Apple indeed is not putting its eggs in a single supplier's basket, I think for the fact that if one fails, one will pass. Seagate Technologies, Western Digital Corporation and Hitach-LG Data Storage are their data storage suppliers too.
I think Apple recent strategy of publishing its suppliers list is to let those suppliers know who is who, and to put them into serious competition to get the best out of them to its advantage of its stringent demand.
"After reviewing the list, I concluded that Apple has at least three suppliers for every single part it needs to make its products".
This is the reason why Apple place its suppliers on strict terms and demanding the highest quality of products because it has many of thess suppliers at hand. The company can easily dictate for them and be in control, while the suppliers too have to agree so as to stay in business.
Nemos, I have been pondering this and I am uncertain why Apple finally chose the option of publishing a list of all its suppliers. This is a list the company had kept secret for very long. A friend suggested during a recent discussion Apple published the list because the secrecy had served its purpose and might now be hurting the company. I tend to agree.
This is really a breakthrough for Apple. Their supplier list is a lot more diverse than most people--including myself--thought. No doubt every name on this list earned its position.
I will point out that an in-depth article on Apple's supply chain strategy was recently published I think in BusinessWeek. It was a very in-depth piece and I remember this because on of the writers, Peter Burroughs, worked with me at EB too long ago to mention. It was an investigative piece that I believe Apple did not cooperate with. Maybe this was the nudge that lead to this report--either way, interesting stuff.
EBN Dialogue enables and encourages you to participate in live chats with notable leaders and luminaries. Not only editors and journalists, but the entire EBN community is able to comment and ask questions. Listed below are upcoming and archived chats.
Thailand Stages a Comeback Join EBN contributor Jennifer Baljko on Thursday August 23, 2012, at 11:00 a.m. EST for a live chat on how electronic manufacturers in Thailand have shored up their supply chain to reduce the impact of future natural disasters.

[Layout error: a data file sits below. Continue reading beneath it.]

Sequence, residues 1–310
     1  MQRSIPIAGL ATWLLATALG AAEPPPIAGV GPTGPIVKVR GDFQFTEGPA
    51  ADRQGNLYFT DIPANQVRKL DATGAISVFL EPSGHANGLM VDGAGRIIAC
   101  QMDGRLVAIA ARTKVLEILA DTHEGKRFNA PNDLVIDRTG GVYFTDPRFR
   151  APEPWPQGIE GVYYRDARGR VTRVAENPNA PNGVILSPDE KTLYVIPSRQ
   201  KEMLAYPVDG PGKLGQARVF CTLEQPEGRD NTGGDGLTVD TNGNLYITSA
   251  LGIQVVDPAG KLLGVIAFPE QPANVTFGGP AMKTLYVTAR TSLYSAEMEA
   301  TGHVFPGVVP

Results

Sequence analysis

Microsoft Surface: Potential Winners & Losers What are the implications for the electronics industry supply chain of Microsoft Corp.'s decision to launch its own tablet PC? Join industry veteran and EE Times' systems and OEM expert Rick Merritt on Tuesday, July 3, at 12:00 pm EDT for a Live Chat on this subject.
Join EBN contributor Jennifer Baljko on Thursday August 23, 2012, at 11:00 a.m. EST for a live chat on how electronic manufacturers in Thailand have shored up their supply chain to reduce the impact of future natural disasters.
Peter Drucker famously said "Trying to predict the future is like trying to drive down a country road at night with no lights while looking out the back window." Yet in the razor's-edge world of electronics—with a lean supply chain and just-in-time demands—the need to know the future is vital.
You've heard the saying "the No. 1 supply chain risk is your people." That hasn't always been the case. But today's complex global supply chain requires a new type of multitalented employee. It's one who understands, finance, marketing, economics, is savvy with technology, graceful with relationships and can think analytically.
Where are these people? Are universities properly preparing the next generation supply chain professionals? How do train your existing workforce for these new, demanding positions?
Brian Fuller, editor-in-chief of EBN, will lead a 60-minute Avnet Velocity panel discussion that will ask and answer these and other questions swirling around today's supply-chain talent challenges.